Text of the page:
A Very Modern Ministry – Theos chaplaincy research

MM-coverMM-coverHCFBG’s Chair and Chief Officer, together with a member of Council, attended the launch of A Very Modern Ministry, the new report on chaplaincy from Theos, on 11 March. A well attended conference at Friends’ House on London’s Euston Road heard presentations by the Revd Dr Andrew Todd, Director of the Cardiff Centre for Chaplaincy Studies, who had supervised the research, and from Ben Ryan, the report’s author. Dr Ataullah Sidiqui of the Markfield Institute of Higher Education and Professor Joy Carter, Vice Chancellor of the University of Winchester, responded to the presentations.

HCFBG was one of the funders of the research and the report. You can download the report here. You can also buy a printed copy on Amazon.

Ben Ryan writes:

Is chaplaincy the future of religion in the UK?

At a time when UK society seems increasingly dominated by secular habits and assumptions, and when religious attendance and affiliation seem to be in decline, there are more and more stories of chaplaincy spreading into new settings. No longer – if indeed it was ever the case – are chaplains limited to Anglican clergy in a few institutional settings. Today chaplains are everywhere and include figures of all faiths and none.

This report is the first to take an in-depth quantitative and qualitative look at chaplaincy in Britain, encompassing the full range of denominations, religions, and belief systems – including nonreligious beliefs – as well as an astonishingly wide range of contexts – from prisons and schools to canals and theatres. Based on over 100 interviews with chaplains, users, colleagues, employers and stakeholders, it analyses both where chaplains are and what they’re doing, and pays particular attention to the question of what difference they make. What should chaplains, the contexts in which they operate, and the organisations to which they belong do to make their role as effective as possible? Chaplaincy is a very modern ministry, one that seems especially suited to modern British society and that seems likely to become a dominant feature of the in ever-changing landscape of religion in Britain.

In his foreword, Nick Spencer, Research Director of Theos, writes:

The biggest changes are those you don’t notice. So it may be with religion in 21st century Britain.

Everyone knows about falling religious affiliation and about declining church attendance. They have become truisms, albeit truisms betrayed by sub-plots about Islam, Catholicism, Evangelicalism, and black majority churches.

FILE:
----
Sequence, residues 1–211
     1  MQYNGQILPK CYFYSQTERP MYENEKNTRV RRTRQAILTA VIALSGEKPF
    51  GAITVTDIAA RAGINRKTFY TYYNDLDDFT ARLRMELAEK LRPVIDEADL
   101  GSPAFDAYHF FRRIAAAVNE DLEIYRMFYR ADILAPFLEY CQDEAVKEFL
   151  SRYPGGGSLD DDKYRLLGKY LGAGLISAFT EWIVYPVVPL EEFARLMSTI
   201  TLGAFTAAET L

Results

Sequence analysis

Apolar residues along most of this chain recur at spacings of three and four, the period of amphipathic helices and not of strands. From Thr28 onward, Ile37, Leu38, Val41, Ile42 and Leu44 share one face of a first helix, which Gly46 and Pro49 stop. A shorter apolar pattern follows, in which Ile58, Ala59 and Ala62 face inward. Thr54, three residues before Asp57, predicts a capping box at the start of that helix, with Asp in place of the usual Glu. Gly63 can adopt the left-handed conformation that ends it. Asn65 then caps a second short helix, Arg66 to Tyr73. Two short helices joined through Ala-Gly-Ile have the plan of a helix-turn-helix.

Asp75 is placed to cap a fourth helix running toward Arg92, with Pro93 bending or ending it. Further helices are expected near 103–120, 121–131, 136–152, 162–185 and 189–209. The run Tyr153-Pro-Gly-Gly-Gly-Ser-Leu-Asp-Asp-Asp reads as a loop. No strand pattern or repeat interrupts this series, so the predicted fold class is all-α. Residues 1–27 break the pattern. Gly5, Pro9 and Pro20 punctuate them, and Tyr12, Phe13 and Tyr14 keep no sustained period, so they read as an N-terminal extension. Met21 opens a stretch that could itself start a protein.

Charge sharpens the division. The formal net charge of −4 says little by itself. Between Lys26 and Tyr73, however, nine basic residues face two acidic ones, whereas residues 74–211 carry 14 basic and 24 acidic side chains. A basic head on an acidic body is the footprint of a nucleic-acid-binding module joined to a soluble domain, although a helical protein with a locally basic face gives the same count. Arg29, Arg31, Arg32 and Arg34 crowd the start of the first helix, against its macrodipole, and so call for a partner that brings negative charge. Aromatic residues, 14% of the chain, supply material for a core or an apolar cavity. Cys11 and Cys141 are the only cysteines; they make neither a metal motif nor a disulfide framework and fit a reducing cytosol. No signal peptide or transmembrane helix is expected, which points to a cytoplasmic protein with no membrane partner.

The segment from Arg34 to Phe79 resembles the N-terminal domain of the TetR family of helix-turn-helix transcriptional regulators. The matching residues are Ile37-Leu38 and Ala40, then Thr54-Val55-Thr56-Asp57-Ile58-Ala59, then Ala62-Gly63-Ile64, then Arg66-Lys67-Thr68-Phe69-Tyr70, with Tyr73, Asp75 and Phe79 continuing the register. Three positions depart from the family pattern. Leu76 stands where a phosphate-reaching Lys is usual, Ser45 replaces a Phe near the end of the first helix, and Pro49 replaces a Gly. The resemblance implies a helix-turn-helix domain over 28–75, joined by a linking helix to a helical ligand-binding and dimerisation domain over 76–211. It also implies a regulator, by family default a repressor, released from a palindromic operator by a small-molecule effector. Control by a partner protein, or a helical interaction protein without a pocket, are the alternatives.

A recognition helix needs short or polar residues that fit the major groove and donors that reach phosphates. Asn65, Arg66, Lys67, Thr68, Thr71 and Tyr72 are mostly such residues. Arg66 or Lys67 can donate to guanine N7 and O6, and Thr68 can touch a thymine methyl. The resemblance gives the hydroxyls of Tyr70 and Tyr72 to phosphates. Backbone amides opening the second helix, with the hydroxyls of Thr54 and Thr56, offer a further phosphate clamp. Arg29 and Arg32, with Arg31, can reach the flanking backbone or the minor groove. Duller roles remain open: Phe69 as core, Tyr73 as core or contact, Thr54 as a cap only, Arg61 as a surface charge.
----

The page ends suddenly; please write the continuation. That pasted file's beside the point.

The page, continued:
Yet, while religion in Britain has been shrinking, it has also been changing, and not simply in its composition. There is good reason to believe the model of British religion is in flux. Specifically, there are signs that having long been informed by the idea that the faithful will come to us, nowadays the religious are going to the faithful – and, indeed, to the unfaithful. In short, the model is shifting from ‘church’ to ‘chapel’.

Chaplaincy in the UK has long been associated with Christianity, and with a limited range of traditional sectors: education, the military, prisons. Even if neither association was ever entirely true, both captured the essence of chaplaincy. We knew who chaplains were, we knew what they did and we knew where to find them.

Nowadays that is no longer the case. Chaplains are everywhere, operating in every conceivable sector and from every conceivable religious base, and increasingly non- religious ones. The proverbial man in the street seems as – perhaps more – likely to meet a chaplain in his daily life today as he is to meet any other formal religious figure.

This should not surprise. In an increasingly hyper-mobile society, where identities and communities of choice are replacing those of birth and geography, it makes sense for religious groups to go to where people are, rather than wait for them to come home. This doesn’t, of course, mean that the gathered congregation will disappear, or even lose any of its crucial significance. Gathering together is not simply a different way of being religious alone – it offers and provides different things.

It does, however, mean that we are witnessing a subtly but significantly changing religious landscape in which ‘faith’, having been associated primarily with visible – and visibly diminishing – religious locations, turns out to be rather more present that many imagined.

Ben Ryan’s massive and meticulous study explores this changing phenomenon with great acuity. Drawing on desk research; a detailed, geographically-focused quantitative case study – to give some idea of the picture on the ground; and over a hundred in-depth interviews with chaplains, those whom they work with and those whom they work for, it analyses not only the spread of chaplaincy provision, but also poses serious questions about whether and how chaplains actually make a difference.

The result is a penetrating study, as comprehensive as has been so far conducted, that shines light on chaplaincy and on religion in the UK today.


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